Obviously the situation is dire for so many people, and soccer not so much. Still, we’ve got more than a few big items to resolve. Which club is hurt more by an extended break in terms of table Fortune? Which club could see the biggest boost by a prolonged reset?

Joe Prince-Wright: I’m sure teams who were getting into a good rhythm like Chelsea and Man United may be impacted but then again so many teams will use this time to get players back to full fitness and they could both benefit from that. If and when the PL season resumes, it seems like Spurs have the most to gain with Harry Kane and Heung-Min Son both expected to play in the majority of their remaining games. If we get to that point.

Nick Mendola: Let’s start with the second question. The delay may move Jose Mourinho’s Spurs from injury-addled and hoping for a Europa League to a top four probability once Harry Kane, Heung-min Son, and back fit and firing. Not to mention Mourinho and clubs with good tactical managers having all this time to reassess best practices. Let’s not forget Pep Guardiola may get to roll out healthy Leroy Sane and Aymeric Laporte. This could sting Arsenal and Manchester United, who had been going really well and now may have a super-congested fixture list after some serious time off the pitch.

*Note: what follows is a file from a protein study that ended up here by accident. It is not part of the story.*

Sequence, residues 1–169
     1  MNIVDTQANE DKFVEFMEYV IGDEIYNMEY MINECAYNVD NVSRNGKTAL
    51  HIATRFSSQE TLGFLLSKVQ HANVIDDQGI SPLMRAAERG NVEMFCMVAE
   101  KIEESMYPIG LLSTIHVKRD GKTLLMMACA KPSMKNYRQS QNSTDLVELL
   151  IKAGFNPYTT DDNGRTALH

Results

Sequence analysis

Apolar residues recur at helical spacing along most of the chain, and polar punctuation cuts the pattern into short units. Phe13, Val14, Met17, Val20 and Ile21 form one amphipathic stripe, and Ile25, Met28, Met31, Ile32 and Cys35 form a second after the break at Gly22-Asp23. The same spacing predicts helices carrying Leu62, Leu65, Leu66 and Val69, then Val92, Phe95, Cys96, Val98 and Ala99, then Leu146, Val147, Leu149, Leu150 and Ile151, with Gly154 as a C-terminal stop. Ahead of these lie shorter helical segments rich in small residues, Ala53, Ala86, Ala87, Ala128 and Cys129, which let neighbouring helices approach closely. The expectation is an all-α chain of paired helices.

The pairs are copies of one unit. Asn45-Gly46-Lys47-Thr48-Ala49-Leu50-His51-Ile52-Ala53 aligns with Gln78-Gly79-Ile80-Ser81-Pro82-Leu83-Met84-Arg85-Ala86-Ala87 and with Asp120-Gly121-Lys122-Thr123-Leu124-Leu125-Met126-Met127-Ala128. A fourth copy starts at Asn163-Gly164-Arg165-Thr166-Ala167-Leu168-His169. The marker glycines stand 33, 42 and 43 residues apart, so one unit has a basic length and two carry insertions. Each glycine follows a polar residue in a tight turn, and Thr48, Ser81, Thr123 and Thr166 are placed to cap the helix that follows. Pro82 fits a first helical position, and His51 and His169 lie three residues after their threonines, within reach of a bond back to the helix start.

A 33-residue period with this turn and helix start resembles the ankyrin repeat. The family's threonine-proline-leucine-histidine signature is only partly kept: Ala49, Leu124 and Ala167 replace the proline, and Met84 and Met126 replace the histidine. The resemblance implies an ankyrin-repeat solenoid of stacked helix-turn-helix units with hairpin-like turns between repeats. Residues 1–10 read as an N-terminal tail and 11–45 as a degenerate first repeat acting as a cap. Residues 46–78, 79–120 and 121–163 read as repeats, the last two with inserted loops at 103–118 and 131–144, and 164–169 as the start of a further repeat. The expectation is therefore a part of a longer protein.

Kyle Bonn: Obviously Liverpool’s title chase is severely impacted, and given their long drought and hard work to rise under Jurgen Klopp, an argument could be made that the Reds are the most negatively affected club of the lot. However, their form seemed to be dipping of late, and while the pandemic didn’t come quickly enough to save their Champions League fortunes, their domestic form could see a reversal as they avoid limping to the finish line in league play. Similarly, Tottenham could benefit greatly from this break. Spurs’ play on the field had been abysmal and their attack was stifled by injuries to key players who could now return before the end of the season. Conversely, Chelsea had put a small difficult stretch behind them and had turned a new leaf, and while their significant injury list could be alleviated with the time off, the Blues will rue the break from the aspect that they had only recently topped Liverpool in Cup action plus the win over Tottenham in late February and the clobbering of Everton just before the stoppage.